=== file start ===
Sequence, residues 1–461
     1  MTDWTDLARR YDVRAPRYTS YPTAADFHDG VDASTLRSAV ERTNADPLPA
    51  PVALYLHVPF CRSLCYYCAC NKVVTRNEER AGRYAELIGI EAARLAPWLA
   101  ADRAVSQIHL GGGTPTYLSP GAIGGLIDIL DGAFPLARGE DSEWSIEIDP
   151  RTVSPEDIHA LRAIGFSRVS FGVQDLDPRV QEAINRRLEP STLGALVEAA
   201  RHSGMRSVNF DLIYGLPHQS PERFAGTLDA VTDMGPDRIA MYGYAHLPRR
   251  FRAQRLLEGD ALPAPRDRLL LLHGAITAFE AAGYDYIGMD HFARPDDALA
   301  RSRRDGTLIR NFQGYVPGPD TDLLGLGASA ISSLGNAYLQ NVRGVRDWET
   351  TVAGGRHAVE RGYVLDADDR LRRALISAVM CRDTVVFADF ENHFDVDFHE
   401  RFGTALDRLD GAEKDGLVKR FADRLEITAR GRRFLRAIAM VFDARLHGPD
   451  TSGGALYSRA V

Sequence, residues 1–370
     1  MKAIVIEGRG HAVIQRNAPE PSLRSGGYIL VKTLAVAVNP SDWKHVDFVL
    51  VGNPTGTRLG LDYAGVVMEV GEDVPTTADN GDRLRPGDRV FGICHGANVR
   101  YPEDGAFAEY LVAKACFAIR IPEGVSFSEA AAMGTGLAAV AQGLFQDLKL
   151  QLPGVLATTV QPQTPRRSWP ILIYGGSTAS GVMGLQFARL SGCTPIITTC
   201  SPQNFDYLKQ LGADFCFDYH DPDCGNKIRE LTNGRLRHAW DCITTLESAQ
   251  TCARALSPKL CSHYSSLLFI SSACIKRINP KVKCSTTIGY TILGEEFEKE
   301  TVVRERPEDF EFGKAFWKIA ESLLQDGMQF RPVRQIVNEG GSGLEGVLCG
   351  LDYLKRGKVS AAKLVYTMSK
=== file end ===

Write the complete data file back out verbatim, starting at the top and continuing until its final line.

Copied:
Sequence, residues 1–461
     1  MTDWTDLARR YDVRAPRYTS YPTAADFHDG VDASTLRSAV ERTNADPLPA
    51  PVALYLHVPF CRSLCYYCAC NKVVTRNEER AGRYAELIGI EAARLAPWLA
   101  ADRAVSQIHL GGGTPTYLSP GAIGGLIDIL DGAFPLARGE DSEWSIEIDP
   151  RTVSPEDIHA LRAIGFSRVS FGVQDLDPRV QEAINRRLEP STLGALVEAA
   201  RHSGMRSVNF DLIYGLPHQS PERFAGTLDA VTDMGPDRIA MYGYAHLPRR
   251  FRAQRLLEGD ALPAPRDRLL LLHGAITAFE AAGYDYIGMD HFARPDDALA
   301  RSRRDGTLIR NFQGYVPGPD TDLLGLGASA ISSLGNAYLQ NVRGVRDWET
   351  TVAGGRHAVE RGYVLDADDR LRRALISAVM CRDTVVFADF ENHFDVDFHE
   401  RFGTALDRLD GAEKDGLVKR FADRLEITAR GRRFLRAIAM VFDARLHGPD
   451  TSGGALYSRA V

Sequence, residues 1–370
     1  MKAIVIEGRG HAVIQRNAPE PSLRSGGYIL VKTLAVAVNP SDWKHVDFVL
    51  VGNPTGTRLG LDYAGVVMEV GEDVPTTADN GDRLRPGDRV FGICHGANVR
   101  YPEDGAFAEY LVAKACFAIR IPEGVSFSEA AAMGTGLAAV AQGLFQDLKL
   151  QLPGVLATTV QPQTPRRSWP ILIYGGSTAS GVMGLQFARL SGCTPIITTC
   201  SPQNFDYLKQ LGADFCFDYH DPDCGNKIRE LTNGRLRHAW DCITTLESAQ
   251  TCARALSPKL CSHYSSLLFI SSACIKRINP KVKCSTTIGY TILGEEFEKE
   301  TVVRERPEDF EFGKAFWKIA ESLLQDGMQF RPVRQIVNEG GSGLEGVLCG
   351  LDYLKRGKVS AAKLVYTMSK